During a time when a shared artistic experience can't be had in a gallery, a virtual pledge has given artists and art lovers a way to connect.
A hashtag circulating on social media has been created to incite a chain reaction of giving between artists. The hashtag is #ArtistSupportPledge and was started by British visual artist Matthew Burrows. The concept behind it is simple. Artists using the hashtag pledge to sell some of their works for $200 or less on social media platforms, and with every $1,000 they collect, they commit to purchasing another artist's work.
So far, the Instagram hashtag has more than 150,000 posts, and the Instagram page created for the concept has more than 37,000 followers.
And some of the participating artists are right here in Charleston.
Susan Irish, owner of the now-closed Fabulon Center for Art and Education in West Ashley, is one. An introvert, Irish has been loving the forced self-isolation caused by the pandemic. It's made her creative energy flow.
"I've been sent to my room, so to speak," Irish shares. "I’ve gone off the charts with making paintings and trying to document things and really mark this time in a way that is deeply personal and reflective."
Though she typically paints to music by Vivaldi, she's been listening to books on tape instead. One that spoke to her was "To Kill a Mockingbird." She's created a series of paintings for the Artist Support Pledge based on her newfound inspiration.
Irish came across the movement hashtag on Instagram and loved that artists, sometimes portrayed as lost in their imagination or withdrawn, were showing so much love and support for each other during this time.
Though the generosity of the initiative appeals to him, local artist Rick Sharp got involved with the pledge because work was slow and he was hoping to generate some income, he says.
With no public gatherings and shuttered galleries, Sharp and other artists haven’t been able to get their work in front of prospective buyers. He was scheduled to make a live painting at Charleston's 5K Doughnut Dash in March.
"Charleston, like everywhere, has suffered a major economic blow by this pandemic, and the arts particularly so," Sharp says.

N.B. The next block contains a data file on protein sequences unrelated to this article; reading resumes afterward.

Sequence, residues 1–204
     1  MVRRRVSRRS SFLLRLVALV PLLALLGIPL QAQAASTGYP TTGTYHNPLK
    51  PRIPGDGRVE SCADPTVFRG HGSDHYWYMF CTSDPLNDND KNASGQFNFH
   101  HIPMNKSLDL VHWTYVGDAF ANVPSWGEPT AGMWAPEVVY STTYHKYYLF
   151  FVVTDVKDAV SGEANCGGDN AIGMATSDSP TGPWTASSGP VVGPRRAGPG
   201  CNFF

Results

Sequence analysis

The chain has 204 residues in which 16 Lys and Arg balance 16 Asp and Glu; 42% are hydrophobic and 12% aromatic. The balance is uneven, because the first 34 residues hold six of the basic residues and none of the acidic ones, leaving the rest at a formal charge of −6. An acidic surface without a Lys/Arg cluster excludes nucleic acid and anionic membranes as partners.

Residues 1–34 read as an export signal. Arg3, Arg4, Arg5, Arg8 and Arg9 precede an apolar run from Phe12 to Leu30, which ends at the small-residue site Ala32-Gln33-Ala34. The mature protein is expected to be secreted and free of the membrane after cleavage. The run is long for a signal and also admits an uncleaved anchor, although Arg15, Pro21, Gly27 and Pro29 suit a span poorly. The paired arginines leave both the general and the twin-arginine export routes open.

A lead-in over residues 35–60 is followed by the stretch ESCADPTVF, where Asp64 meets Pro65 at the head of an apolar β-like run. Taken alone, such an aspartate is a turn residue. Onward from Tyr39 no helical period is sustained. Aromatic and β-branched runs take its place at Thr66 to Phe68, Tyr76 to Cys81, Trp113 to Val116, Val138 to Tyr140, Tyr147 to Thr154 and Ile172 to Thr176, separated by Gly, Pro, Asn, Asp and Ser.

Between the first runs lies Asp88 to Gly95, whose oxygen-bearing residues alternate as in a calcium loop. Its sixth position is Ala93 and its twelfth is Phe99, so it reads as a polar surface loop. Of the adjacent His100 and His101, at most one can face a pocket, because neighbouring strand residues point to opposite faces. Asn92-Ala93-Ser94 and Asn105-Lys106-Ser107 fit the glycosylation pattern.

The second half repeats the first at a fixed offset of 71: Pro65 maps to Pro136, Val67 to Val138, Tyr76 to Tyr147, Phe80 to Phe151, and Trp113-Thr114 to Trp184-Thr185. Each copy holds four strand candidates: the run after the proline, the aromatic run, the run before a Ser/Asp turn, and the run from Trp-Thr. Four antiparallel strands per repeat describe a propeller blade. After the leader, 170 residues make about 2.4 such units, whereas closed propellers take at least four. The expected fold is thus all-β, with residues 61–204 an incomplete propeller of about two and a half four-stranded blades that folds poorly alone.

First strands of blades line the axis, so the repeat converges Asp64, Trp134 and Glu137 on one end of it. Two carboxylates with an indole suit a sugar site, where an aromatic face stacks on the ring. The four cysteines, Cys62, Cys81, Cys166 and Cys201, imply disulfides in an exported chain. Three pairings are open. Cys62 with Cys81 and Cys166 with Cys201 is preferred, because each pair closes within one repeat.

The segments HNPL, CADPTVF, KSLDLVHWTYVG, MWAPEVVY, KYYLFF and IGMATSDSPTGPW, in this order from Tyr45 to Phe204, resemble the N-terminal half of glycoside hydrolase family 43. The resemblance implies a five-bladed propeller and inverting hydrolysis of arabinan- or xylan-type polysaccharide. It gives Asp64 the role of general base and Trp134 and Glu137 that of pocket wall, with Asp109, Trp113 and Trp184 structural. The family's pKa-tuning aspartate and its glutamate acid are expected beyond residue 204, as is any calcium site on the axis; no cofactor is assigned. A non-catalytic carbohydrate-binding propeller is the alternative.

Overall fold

So far, he's sold one painting with hopes he'll be able to pay it forward soon.
Charleston artist Amanda McLenon has taken the idea behind the pledge a step farther with her own buy-one-give-one series. She's selling two similar pieces of art from her studio for the price of one, with the idea that folks can keep one and send one to someone they haven't seen for a while during quarantine.
She's participating in Burrows' pledge as well.
"We are so often asked to be the ones to donate our work to support nonprofits and fundraisers and auctions," McLenon says. "I think it is time to support each other and actually make money for our hard work."
Her main venue for the last nine years, the Farmers' Market, has been closed because of the coronavirus. McLenon, who specializes in wildlife paintings and Charleston landmarks, has had to look online to sell her work. It's been challenging but helpful, she says. She's sold five pieces, totaling $500, and is halfway to buying someone else's work.
Among struggling artists are unemployed food and bev workers. Julio Cotto Rivera, who recently collaborated with Charleston music duo Shovels & Rope on an upcoming picture book, says he's seen many of his fellow artists get cut from part-time service industry jobs.
The Artist Support Pledge has been a great opportunity to support artists like his friends who have been hit with a double-whammy, he says. He's planning on buying a piece from one of his friends once he reaches the pledge goal. Rivera's art has been "selling quickly" with the hashtag.
Find the artists on Instagram at @artbysusanirish, @rsharp_art, @amandamclenon and @cotto_rivera_art.